Morocco FMS requests for 162 Abrams tanks valued at $1.259 billion
WASHINGTON. State Department officials approved a possible Foreign Military Sale (FMS) to Morocco of enhancements to 162 Abrams tanks for an estimated cost of $1.259 billion.
Officials at the Government of Morocco requested to purchase enhancements to 162 Abrams tanks procured through the Excess Defense Article (EDA) program to one of the following variants: M1A1 Situational Awareness, M1A2M, or M1A1 U.S. Marine Corps version. The FMS request entails:
- 162 M2 Chrysler Mount Machine Guns;
- 324 M240 Machine Guns;
- 1,035 M865 Training SABOT Rounds;
- 1,610 M831Al HEAT Rounds
Also included are 162 Export Single Channel Ground and Airborne Radio Systems (SINCGARS); 162 RT-1702 Receiver Transmitters; 162 M250 Smoke Grenade Launchers; M962 .50 caliber rounds; special armor; Hunter/Killer technology, which may include the Commander's Independent Thermal Viewer (CITV) or Slew to Cue solution; Commander’s Weapon Station Variant which may include the Commander’s Weapon Station (CWS), Stabilized Commander’s Weapon Station (SCWS), or Common Remotely Operated Weapon Station- Low Profile (CROW-LP); spare parts; support equipment; upgrade/maintenance of engines and transmissions; depot level support; Government-Furnished Equipment (GFE); repair parts; communication support equipment; tool and test equipment; training; U.S. Government and contractor engineering, technical, and logistics support services; and other related elements of logistics and program support.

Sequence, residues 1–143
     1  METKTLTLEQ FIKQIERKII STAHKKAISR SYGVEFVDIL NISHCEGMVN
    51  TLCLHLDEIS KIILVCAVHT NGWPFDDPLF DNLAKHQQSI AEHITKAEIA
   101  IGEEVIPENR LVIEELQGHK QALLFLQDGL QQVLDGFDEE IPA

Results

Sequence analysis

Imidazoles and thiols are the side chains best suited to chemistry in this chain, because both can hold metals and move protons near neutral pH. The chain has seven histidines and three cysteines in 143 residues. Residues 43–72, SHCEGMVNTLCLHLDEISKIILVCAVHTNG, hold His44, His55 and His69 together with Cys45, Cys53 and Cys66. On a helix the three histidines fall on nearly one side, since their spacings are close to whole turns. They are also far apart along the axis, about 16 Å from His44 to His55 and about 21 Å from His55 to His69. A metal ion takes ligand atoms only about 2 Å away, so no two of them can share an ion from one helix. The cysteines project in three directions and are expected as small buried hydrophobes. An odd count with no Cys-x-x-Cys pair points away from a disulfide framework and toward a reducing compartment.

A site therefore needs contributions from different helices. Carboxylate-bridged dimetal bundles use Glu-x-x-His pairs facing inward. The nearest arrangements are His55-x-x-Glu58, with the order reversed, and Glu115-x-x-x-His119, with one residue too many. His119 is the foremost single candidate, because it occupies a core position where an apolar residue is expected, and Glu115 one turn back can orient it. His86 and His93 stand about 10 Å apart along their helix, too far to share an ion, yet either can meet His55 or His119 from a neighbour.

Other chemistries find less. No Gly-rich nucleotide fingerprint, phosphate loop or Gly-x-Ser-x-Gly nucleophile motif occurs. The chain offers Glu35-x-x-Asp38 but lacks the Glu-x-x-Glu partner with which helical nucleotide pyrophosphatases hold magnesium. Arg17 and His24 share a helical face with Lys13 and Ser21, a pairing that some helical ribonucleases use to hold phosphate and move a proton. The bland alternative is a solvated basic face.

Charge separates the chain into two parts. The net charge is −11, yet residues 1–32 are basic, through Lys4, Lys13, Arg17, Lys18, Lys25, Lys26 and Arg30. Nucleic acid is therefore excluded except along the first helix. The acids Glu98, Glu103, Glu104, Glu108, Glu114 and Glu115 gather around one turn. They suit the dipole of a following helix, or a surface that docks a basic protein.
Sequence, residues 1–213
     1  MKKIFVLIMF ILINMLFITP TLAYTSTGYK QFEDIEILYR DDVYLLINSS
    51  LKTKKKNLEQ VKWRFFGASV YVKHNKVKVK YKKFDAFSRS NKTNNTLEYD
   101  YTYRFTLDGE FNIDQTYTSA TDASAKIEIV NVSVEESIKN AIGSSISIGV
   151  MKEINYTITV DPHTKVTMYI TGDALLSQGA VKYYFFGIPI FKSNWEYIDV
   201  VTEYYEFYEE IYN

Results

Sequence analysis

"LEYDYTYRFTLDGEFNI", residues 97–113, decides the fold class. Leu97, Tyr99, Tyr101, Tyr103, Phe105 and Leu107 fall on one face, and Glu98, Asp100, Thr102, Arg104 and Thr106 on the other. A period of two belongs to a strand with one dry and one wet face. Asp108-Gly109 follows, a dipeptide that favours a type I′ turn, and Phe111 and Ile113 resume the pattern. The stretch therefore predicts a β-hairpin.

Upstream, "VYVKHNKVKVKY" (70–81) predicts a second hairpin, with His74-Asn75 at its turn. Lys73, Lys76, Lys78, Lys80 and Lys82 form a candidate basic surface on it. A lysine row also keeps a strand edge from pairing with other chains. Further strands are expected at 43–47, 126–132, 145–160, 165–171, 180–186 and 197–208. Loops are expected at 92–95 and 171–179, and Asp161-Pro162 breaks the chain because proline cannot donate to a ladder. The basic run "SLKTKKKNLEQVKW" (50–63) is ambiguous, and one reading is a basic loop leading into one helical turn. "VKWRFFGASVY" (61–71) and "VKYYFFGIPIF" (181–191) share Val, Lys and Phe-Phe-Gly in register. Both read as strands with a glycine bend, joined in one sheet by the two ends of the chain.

The prime contractor will be General Dynamics Land Systems in Sterling Heights, Michigan. Refurbishment work will be performed at Anniston Army Depot in Anniston, Alabama and the Joint Systems Manufacturing Center in Lima, Ohio. There are currently no known offset agreements proposed in connection with this potential sale, but one is expected due to Moroccan law.
Implementation of this proposed sale will require annual trips to Morocco involving up to 55 U.S. Government and 13 contractor representatives for a period of up to five years to manage the fielding and training for the program, officials say.